• One or both of the interfacing surfaces between the substrate and diamond body may be planar or nonplanar. A nonplanar interface between the diamond body and substrate is desirable to provide an increased degree of delamination resistance during use. The nonplanar surface of one or both of the diamond body and substrate may be symmetrical or asymmetrical.
  • An intermediate material or interlayer may be interposed between the substrate and the diamond body. The intermediate material may be formed from materials capable of forming a suitable attachment bond between both the diamond body and the substrate. Additionally, in the case where the diamond body-substrate interface is nonplanar, it is desired that the material useful for forming the intermediate layer (or interlayer) function as a manufacturing aid to reduce fracture and/or crack formation in the diamond body during HPHT processing.
  • In an embodiment comprising an interlayer disposed between the TSP body and the substrate, a desired nonplanar interface between the TSP body and substrate may be provided along only one of the TSP body or substrate interfacing surfaces. For example, the TSP body may comprise a nonplanar surface feature along the surface positioned adjacent the substrate, and the adjacent surface of the substrate may be planar, or visa versa. The interlayer, when provided in a powder or green state form, may be used to accommodate such differences between the adjacent TSP body and substrate interfacing surface features so that complementary nonplanar surface features on both the TSP body and substrate are not needed. Thus the interlayer may have a first surface that mates with or matches the inerface surface of the TSP body, and a second opposing surface that mates with or matches the interface surface of the substrate.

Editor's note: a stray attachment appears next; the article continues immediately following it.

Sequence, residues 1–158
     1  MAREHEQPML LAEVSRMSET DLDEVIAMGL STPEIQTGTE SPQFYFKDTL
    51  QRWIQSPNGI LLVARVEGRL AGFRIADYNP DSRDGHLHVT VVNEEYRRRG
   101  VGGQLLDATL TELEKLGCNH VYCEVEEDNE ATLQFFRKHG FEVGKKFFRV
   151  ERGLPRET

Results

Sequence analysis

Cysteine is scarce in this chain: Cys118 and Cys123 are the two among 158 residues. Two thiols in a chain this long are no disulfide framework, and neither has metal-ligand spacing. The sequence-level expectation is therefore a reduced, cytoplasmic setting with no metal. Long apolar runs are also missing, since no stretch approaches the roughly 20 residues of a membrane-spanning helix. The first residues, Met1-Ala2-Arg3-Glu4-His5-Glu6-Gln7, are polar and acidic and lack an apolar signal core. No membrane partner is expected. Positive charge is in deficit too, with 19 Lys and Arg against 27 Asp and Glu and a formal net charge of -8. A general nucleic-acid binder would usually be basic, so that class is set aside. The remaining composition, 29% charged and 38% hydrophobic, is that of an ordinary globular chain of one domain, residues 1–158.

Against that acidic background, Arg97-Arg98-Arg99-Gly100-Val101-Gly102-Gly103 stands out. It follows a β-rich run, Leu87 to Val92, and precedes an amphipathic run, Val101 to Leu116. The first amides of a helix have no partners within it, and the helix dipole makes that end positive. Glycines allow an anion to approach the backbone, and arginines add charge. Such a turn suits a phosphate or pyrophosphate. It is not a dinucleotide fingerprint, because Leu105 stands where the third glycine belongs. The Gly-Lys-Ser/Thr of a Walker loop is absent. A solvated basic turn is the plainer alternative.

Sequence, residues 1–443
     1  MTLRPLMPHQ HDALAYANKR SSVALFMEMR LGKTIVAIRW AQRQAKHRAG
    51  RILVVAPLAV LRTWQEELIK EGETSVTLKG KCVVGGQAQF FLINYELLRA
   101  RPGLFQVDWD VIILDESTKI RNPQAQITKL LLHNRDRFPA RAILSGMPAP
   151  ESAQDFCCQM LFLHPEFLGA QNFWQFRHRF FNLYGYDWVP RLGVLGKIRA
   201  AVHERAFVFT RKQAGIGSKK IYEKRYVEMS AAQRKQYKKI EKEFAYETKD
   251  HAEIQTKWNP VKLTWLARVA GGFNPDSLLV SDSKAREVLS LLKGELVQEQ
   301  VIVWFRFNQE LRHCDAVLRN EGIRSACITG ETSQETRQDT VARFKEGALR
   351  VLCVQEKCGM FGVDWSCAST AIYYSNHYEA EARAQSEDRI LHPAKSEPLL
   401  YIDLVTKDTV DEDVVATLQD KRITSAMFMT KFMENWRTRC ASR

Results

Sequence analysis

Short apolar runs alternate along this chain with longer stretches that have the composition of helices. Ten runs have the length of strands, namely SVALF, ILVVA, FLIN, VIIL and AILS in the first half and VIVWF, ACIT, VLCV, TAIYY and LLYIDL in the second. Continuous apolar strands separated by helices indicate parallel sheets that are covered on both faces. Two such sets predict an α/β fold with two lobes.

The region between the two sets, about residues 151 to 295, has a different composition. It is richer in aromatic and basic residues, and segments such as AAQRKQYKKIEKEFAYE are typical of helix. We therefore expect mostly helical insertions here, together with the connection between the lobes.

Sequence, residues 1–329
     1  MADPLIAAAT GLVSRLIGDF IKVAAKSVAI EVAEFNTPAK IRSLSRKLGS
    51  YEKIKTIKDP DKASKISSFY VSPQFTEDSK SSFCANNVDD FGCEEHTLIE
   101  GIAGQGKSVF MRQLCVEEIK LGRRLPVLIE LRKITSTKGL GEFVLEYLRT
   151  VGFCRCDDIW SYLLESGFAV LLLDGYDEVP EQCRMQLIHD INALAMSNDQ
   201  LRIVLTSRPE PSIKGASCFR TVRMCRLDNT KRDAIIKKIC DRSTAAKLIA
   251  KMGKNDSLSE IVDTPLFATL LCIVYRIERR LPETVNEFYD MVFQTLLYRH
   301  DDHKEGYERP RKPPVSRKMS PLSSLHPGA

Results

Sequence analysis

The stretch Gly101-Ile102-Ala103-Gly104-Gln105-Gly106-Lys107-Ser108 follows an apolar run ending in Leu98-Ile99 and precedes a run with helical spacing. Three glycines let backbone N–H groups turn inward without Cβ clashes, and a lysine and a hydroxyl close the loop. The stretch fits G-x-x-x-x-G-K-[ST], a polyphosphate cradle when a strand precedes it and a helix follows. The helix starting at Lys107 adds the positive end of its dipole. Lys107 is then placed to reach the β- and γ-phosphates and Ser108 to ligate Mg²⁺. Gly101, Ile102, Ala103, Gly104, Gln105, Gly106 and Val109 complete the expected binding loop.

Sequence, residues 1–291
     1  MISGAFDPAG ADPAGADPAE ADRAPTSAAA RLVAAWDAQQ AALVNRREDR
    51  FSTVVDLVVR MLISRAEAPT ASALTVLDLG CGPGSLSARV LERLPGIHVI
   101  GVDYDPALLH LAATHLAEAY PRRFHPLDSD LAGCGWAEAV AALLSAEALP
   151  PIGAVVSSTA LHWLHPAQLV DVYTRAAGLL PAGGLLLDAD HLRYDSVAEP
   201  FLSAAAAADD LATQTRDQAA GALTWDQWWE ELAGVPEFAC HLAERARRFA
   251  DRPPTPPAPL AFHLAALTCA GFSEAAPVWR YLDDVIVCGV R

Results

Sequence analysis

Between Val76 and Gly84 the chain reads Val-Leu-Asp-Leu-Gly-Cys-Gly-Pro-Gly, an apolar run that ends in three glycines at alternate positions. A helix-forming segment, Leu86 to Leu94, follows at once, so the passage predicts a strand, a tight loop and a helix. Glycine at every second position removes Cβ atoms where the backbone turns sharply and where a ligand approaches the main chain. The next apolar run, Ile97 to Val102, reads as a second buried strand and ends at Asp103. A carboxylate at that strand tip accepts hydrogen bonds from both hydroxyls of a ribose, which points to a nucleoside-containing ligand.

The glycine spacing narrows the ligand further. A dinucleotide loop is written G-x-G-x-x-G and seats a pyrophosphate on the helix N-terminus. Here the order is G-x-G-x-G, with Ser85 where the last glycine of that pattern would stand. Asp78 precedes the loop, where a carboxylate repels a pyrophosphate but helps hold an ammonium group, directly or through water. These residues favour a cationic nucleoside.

• Suitable materials useful as the intermediate material or interlayer include those described above as being useful as the replacement material. Suitable intermediate materials may be selected from the group including ceramic materials, metallic materials, cermet materials, and mixtures thereof. Examples of such materials include WC powders, WC powders mixed with one or more Group VIII materials, e.g., Co, and transition powders including a constituent of both the diamond body and the substrate, e.g., where a WC substrate is used, the transition powder may comprise WC/M powder (where M is a metal constituent of the substrate such as Co) mixed with diamond grains. The interlayer may be provided in the form of a powder volume, a green-state volume, or a presintered body.
  • FIG. 6 illustrates an embodiment of a TSP construction 60 comprising a diamond body 62 comprising a TSP region 64 and a PCD region 66. The TSP region is substantially free of the catalyst material that was used to initially form the polycrystalline diamond matrix within it. The TSP region may or may not include a replacement or infiltrant material, such as one described above, disposed within a population of its interstitial regions. The TSP region may comprise all of the features of the TSP diamond bodies described above. The PCD region comprises the catalyst material that was used to initially sinter it. The TSP and PCD regions of the diamond body may have different diamond grain sizes and/or have different diamond volume contents depending on the particular end-use application.
  • The TSP construction is in the form of a compact where the diamond body 62 is attached to a substrate 68. The TSP region 64 extends from a top portion of the diamond body 62 to the PCD region 66, and the PCD region 66 is interposed between the TSP region 64 on one side and the substrate 68 on an opposite side. The interface between the PCD region and the substrate may be planar or nonplanar, and in a preferred embodiment is nonplanar to provide an enhanced degree of attachment strength between the substrate and diamond body to resist unwanted delamination during use in a wear or cutting operation.